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Design of an Optical Terahertz Generator
N. Khan, A. Vickers, N. Abas and A.R. Kalair

Detection of an improvised explosive device (IED) is a significant challenge for security agencies. Last ditch strategy in dealing with terrorists is to maintain an upper edge over crime science in the market. Security officials use dogs, metal detectors, and scanners to sniff out chemical signatures. IED detection devices are available yet 17,000 to 20,000 civilians succumb to death every year. Detection devices and imaging scanners locate buried landmines and concealed weapons at checkpoints but are unable to recognize the suicide bombers in large crowds. Man is an intelligent machine who changes defence strategies with time depending on the feedback of sensing organs. Detection of an adaptive suicide bomber in crowded public places, or car bombs on busy roads in large cities, is still a big challenge requiring innovative research. Hazardous materials (HAZMAT) and metal detectors often fail to recognize high energy materials (HEM) based home-made explosives (HME) wrapped in plastics. Standoff lasers identify HAZMAT by decoding the vapour spectroscopic signatures at 1 m to 1 km distances but, fail to scan the concealed IEDs. The terahertz band (100 GHz to 10 THz, corresponding to the 1 mm to 30.0 mm wavelengths) falls between the high microwave (1 mm to 30 mm) and the low infrared (IR) (0.7 to 30.0 mm) bands. Terahertz photons are reflected off mirrors like light, penetrate tarps like X-rays and are detected by dipole antennas like microwaves. Terahertz waves can readout concealed IED due to their penetrating yet non-ionizing properties. Dogs and robot borne detectors recognize explosives by a physical approach to the site, but spectroscopic and imaging devices from the remote. Lasers facilitate standoff detection of landmines and X-ray scanners, image vehicles, but terahertz are used to scan drivers. Quantum cascade laser (QCL), dipole antennas, time multiplexed laser pulses, impact avalanche ionisation transit time (IMPATT) and Gunn diodes based terahertz sources and detectors come in 1 mW to 1 W ranges which require more extensive research for high power designs. Photoconductive switches have low pulse energies, vacuum electronic devices are limited to lower frequencies, and free electron lasers are too expensive. Difference frequency generation (DFG) based terahertz sources due to high conversion efficiency and repetition rate seem to be low-cost options under research worldwide. This work reviews state of the art terahertz technology and introduces the design of an innovative wavelength and time division multiplexed (WTDM) terahertz wave source.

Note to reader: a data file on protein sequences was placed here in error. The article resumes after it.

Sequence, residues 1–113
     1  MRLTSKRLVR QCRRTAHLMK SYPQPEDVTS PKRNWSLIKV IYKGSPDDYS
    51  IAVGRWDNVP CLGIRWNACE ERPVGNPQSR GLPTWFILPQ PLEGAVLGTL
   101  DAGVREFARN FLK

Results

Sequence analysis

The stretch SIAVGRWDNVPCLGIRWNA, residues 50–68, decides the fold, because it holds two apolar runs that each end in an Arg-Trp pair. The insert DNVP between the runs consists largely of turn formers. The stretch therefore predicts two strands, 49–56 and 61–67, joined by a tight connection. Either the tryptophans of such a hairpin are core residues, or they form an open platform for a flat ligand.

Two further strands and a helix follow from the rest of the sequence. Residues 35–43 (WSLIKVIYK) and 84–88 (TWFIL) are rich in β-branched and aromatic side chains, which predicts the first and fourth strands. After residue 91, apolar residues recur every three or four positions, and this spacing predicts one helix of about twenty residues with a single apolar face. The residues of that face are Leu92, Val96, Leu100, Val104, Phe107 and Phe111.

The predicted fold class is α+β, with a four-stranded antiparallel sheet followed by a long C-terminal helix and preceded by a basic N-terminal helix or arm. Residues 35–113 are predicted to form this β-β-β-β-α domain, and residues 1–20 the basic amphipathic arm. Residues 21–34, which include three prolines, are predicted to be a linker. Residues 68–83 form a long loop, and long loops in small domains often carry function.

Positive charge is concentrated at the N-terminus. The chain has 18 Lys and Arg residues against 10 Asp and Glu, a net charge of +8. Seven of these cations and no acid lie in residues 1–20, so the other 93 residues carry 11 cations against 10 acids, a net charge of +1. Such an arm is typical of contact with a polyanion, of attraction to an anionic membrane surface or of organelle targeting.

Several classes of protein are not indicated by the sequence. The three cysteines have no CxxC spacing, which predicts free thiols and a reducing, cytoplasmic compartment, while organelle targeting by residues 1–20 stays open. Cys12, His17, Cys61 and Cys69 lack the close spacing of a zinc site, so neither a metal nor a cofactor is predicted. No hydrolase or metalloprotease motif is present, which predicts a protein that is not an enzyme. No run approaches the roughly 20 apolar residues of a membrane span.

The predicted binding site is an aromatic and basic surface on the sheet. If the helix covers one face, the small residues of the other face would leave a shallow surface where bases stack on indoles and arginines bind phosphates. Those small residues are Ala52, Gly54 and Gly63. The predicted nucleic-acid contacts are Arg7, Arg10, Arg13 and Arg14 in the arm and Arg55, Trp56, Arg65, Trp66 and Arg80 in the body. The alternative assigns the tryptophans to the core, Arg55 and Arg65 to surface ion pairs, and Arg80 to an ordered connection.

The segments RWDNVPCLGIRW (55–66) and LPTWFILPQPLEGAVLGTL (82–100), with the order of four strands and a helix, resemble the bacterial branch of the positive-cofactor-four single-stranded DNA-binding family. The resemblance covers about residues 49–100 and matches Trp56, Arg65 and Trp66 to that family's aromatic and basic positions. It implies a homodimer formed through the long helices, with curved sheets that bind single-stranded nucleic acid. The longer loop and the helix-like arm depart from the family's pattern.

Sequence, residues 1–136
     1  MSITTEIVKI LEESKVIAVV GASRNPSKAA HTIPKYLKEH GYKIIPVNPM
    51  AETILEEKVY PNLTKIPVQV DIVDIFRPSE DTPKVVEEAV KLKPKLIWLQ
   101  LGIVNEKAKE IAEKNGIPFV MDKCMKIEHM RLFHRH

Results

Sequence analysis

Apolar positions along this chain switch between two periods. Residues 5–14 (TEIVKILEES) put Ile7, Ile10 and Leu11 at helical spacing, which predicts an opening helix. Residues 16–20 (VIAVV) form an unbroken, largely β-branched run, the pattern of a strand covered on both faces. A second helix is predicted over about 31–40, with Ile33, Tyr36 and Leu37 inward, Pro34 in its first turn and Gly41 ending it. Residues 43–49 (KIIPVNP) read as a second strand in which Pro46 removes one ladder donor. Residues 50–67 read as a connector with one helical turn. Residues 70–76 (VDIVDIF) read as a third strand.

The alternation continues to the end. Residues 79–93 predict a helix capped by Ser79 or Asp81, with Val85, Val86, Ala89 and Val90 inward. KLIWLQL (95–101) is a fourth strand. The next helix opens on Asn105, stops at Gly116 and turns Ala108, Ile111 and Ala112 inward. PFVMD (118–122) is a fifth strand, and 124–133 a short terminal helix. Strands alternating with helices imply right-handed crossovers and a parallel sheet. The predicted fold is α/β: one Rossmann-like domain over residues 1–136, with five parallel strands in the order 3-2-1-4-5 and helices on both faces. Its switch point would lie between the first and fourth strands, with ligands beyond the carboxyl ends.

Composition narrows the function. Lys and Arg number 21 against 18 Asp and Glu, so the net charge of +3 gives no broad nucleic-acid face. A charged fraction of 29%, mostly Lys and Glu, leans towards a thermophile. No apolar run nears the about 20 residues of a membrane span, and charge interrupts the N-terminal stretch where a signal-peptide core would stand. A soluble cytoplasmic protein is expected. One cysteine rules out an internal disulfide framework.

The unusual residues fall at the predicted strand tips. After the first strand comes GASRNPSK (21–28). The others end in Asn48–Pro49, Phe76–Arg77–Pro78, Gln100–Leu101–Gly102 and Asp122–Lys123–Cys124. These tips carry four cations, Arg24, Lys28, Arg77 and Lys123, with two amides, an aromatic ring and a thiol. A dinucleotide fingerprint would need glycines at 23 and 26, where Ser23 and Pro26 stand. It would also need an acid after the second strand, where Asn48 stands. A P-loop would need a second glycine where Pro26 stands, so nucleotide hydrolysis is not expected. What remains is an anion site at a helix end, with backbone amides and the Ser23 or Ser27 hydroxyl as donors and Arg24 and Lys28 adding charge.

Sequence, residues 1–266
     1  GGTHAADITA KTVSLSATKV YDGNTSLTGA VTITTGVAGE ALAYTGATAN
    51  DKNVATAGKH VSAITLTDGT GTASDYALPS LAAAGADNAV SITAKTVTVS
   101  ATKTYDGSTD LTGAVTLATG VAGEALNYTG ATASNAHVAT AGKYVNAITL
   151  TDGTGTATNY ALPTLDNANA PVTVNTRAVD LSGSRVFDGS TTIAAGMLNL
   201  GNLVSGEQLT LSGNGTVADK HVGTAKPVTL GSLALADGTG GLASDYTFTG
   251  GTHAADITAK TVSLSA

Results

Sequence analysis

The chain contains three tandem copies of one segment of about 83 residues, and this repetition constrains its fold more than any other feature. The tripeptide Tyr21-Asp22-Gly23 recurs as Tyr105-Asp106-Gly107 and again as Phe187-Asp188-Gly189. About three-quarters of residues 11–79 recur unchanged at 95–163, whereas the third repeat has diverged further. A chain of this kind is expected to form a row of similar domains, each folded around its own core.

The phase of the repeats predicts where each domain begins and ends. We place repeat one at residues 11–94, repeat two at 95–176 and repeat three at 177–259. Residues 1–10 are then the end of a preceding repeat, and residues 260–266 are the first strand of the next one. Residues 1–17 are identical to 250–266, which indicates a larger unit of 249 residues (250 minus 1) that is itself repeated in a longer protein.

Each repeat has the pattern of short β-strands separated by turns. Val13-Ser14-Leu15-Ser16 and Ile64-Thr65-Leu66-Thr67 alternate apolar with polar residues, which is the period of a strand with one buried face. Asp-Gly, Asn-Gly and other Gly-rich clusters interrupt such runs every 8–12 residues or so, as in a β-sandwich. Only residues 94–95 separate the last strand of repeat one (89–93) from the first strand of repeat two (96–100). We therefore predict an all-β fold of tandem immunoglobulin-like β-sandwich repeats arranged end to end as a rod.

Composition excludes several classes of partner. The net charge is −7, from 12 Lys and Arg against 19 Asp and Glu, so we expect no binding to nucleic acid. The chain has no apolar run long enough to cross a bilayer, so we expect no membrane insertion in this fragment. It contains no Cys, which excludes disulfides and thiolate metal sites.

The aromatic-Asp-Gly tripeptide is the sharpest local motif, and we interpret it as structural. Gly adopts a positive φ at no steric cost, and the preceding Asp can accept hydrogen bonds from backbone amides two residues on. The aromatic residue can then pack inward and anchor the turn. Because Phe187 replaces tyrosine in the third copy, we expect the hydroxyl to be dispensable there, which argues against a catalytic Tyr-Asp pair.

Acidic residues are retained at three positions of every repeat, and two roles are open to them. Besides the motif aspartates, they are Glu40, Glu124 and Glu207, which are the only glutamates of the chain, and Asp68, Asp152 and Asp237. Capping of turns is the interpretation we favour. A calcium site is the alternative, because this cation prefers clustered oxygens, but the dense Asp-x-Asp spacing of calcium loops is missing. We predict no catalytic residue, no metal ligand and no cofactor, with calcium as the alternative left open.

Keywords: Laser, improvised explosive device (IED), dipole antenna, detectors, terahertz, microwaves, infrared (IR), optical, spectroscopy

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